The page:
Robert Clark isn’t the stupidest person ever to be state Attorney-General, is he?

Two inspiring court-related incidents in Victoria, although both start with something depressing.

The first is the news that at least one Magistrate is prepared to speak out against the ridiculous situation in which we charge teens with child pornography offences for “sexting” and then put them on a sex offenders’ register regardless of the fact that THEY ARE CHILDREN TOO.

He presided over the case of the country youth, then aged 18, who was sent four uninvited text message pictures of girls, aged between 15 and 17 years, topless or in their underwear. Police found the pictures on his mobile phone and laptop and charged him with child pornography offences.

On legal advice the youth pleaded guilty and was sentenced to a one-year good behaviour bond without conviction. The magistrate refused the prosecutor’s application for the young man to be placed on the sex offender register but police later realised his guilty plea resulted in mandatory registration for eight years. Magistrates have discretion for those aged under 18, but none for adults.

”These people shouldn’t be regarded as sex offenders. It’s going beyond the pale in relation to the imposition of long-term penalties which are not judicial penalties, they’re not fines or community-based orders or even sex offender treatment programs. This is a limitation on what a person can and can’t do for the next eight years of their life, for God’s sake,” the magistrate said.

Of course, the relevant Liberal minister just refused to comment. But at least pressure is building for a common-sense reform – even if it might have to wait till the Baillieu government is kicked out.

Which leads me to state Attorney-General Robert Clark’s utterly moronic failure to understand just how much of a problem it is for his plan to lock up children for a minimum two years regardless of circumstances that the Appeals Court has just clarified, again, that, under the Children, Youth and Families Act 2005, general deterrence is NOT a relevant factor for sentencing child offenders:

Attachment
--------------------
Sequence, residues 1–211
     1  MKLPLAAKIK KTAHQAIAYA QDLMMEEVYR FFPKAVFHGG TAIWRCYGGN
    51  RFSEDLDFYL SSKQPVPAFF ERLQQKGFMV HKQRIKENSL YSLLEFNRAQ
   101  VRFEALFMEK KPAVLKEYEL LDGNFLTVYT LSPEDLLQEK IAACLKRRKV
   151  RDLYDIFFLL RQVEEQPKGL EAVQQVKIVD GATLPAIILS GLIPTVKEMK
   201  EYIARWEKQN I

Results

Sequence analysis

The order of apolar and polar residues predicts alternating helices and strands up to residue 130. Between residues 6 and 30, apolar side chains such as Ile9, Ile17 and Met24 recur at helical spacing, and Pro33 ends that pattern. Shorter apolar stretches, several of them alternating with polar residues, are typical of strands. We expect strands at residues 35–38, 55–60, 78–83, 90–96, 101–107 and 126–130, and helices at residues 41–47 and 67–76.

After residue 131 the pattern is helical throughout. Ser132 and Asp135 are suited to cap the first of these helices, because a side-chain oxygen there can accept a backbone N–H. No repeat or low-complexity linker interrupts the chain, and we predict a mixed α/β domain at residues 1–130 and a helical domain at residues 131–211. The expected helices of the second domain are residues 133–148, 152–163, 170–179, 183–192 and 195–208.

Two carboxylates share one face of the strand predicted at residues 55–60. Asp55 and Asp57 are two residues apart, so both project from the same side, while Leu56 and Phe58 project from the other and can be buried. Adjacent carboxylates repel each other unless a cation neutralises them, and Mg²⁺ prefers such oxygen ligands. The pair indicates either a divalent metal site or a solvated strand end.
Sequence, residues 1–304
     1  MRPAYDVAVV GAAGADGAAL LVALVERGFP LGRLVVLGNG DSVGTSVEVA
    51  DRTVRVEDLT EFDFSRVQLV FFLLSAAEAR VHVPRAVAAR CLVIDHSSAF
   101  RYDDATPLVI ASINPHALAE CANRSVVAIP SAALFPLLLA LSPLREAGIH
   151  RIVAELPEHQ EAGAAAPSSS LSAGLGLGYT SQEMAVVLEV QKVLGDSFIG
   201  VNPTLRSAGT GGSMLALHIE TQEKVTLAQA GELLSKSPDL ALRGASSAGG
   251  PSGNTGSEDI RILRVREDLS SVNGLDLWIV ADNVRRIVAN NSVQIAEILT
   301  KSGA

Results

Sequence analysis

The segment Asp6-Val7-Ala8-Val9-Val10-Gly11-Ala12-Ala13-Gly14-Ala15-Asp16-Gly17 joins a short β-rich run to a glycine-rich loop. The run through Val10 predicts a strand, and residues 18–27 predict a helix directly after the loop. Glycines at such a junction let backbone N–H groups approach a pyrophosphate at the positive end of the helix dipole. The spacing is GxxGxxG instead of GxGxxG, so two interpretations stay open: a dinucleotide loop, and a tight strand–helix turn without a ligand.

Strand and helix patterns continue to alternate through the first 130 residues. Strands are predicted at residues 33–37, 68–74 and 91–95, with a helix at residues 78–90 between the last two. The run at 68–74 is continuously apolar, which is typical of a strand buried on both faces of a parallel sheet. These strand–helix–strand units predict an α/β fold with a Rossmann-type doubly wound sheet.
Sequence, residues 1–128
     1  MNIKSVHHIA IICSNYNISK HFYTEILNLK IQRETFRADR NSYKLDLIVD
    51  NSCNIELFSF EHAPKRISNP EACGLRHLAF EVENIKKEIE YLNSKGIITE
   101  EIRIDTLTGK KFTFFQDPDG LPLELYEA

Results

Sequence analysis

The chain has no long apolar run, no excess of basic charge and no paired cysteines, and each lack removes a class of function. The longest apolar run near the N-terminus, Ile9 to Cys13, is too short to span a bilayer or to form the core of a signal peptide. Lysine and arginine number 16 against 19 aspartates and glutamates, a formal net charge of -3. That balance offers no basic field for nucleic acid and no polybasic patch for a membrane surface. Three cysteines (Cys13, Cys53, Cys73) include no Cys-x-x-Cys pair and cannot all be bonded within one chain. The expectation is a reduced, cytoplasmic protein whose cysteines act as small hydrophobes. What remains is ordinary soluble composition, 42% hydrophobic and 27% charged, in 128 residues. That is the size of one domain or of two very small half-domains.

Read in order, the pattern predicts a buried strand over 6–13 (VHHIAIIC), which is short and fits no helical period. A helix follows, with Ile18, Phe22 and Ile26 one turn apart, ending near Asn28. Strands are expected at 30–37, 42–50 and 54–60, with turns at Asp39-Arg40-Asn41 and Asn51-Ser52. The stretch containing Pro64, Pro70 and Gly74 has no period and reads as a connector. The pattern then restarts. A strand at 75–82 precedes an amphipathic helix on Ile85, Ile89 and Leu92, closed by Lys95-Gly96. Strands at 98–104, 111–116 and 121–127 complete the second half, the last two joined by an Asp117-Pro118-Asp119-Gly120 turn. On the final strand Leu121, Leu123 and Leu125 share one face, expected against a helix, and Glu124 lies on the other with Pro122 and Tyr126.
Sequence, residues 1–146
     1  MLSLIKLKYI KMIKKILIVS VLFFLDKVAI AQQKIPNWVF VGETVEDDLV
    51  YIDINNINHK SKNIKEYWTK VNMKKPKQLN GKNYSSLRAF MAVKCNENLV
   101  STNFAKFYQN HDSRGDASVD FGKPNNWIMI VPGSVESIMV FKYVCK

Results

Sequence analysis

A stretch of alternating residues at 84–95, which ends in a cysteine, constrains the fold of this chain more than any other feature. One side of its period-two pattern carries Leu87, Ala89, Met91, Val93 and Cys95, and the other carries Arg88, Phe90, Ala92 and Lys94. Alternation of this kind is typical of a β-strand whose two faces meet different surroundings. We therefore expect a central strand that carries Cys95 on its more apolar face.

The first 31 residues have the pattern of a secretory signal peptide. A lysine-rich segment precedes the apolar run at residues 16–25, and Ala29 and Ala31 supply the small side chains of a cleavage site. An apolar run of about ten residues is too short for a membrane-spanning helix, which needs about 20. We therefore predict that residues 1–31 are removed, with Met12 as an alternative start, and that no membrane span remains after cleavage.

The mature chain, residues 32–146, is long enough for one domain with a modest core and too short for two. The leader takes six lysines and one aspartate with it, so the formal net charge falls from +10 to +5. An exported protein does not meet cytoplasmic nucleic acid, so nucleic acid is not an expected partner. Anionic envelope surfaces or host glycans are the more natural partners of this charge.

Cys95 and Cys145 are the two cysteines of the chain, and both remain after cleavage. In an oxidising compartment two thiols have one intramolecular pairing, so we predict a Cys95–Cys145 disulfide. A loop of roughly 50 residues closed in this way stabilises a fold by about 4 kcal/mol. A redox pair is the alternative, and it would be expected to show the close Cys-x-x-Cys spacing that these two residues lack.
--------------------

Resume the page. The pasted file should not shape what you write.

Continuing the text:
He said the judgment made clear that ”protecting the community from further violent acts by the offender and deterring the offender from re-offending are appropriate criteria in sentencing juvenile offenders”.

”The government sees no inconsistency between the CYF Act and its statutory minimum sentence initiative.”

Except for all the general deterrence rhetoric with which you were justifying it, eh Robert? So now you’re going to pretend that specific deterrence and protection of the community will justify mandatory two-year jail sentences for any child who recklessly causes a serious injury regardless of prior criminal history or any other factors relevant to their specific circumstances?

Honestly, the legal system in this state is being presided over by a vandal who doesn’t know or care what he’s wrecking, or what the unfortunate long-term consequences will be.

Then again, the worse he makes it, the more lives he wrecks, the more crime will rise and the more Hun readers will think they need his “tough on crime” medicine. Despite it actually making the problem worse.

Good news for us lawyers, though, I suppose. There’ll be plenty of work. And in the meantime, at least the Court of Appeal is prepared to stand up for reason.

3 responses to “Robert Clark isn’t the stupidest person ever to be state Attorney-General, is he?

  1. narcoticmusing

    To be fair, that an act says general deterence isn’t a factor, doesn’t mean it shouldn’t be a factor. It is an act brought in by an ALP govt with a majority that it could just legislate whatever it wanted.

    All that being said, I personally agree with the act and everything you said. We have quite a resounded set of evidence that demonstrates that – one would have hoped it is that, and not an ALP act, that the Court would’ve referred to if they hoped to sway the opinion of a Lib-Co Minister…

  2. If you read the decision, it’s not just the inconsistency between his proposal and the CYF Act. There’s also an extensive body of precedent on the subject and the court’s other duties.

  3. narcoticmusing

    No I haven’t read the judgement. Glad to hear the Court relied on more than just the Act; but the media report, and your post, relied only on the references to the act.

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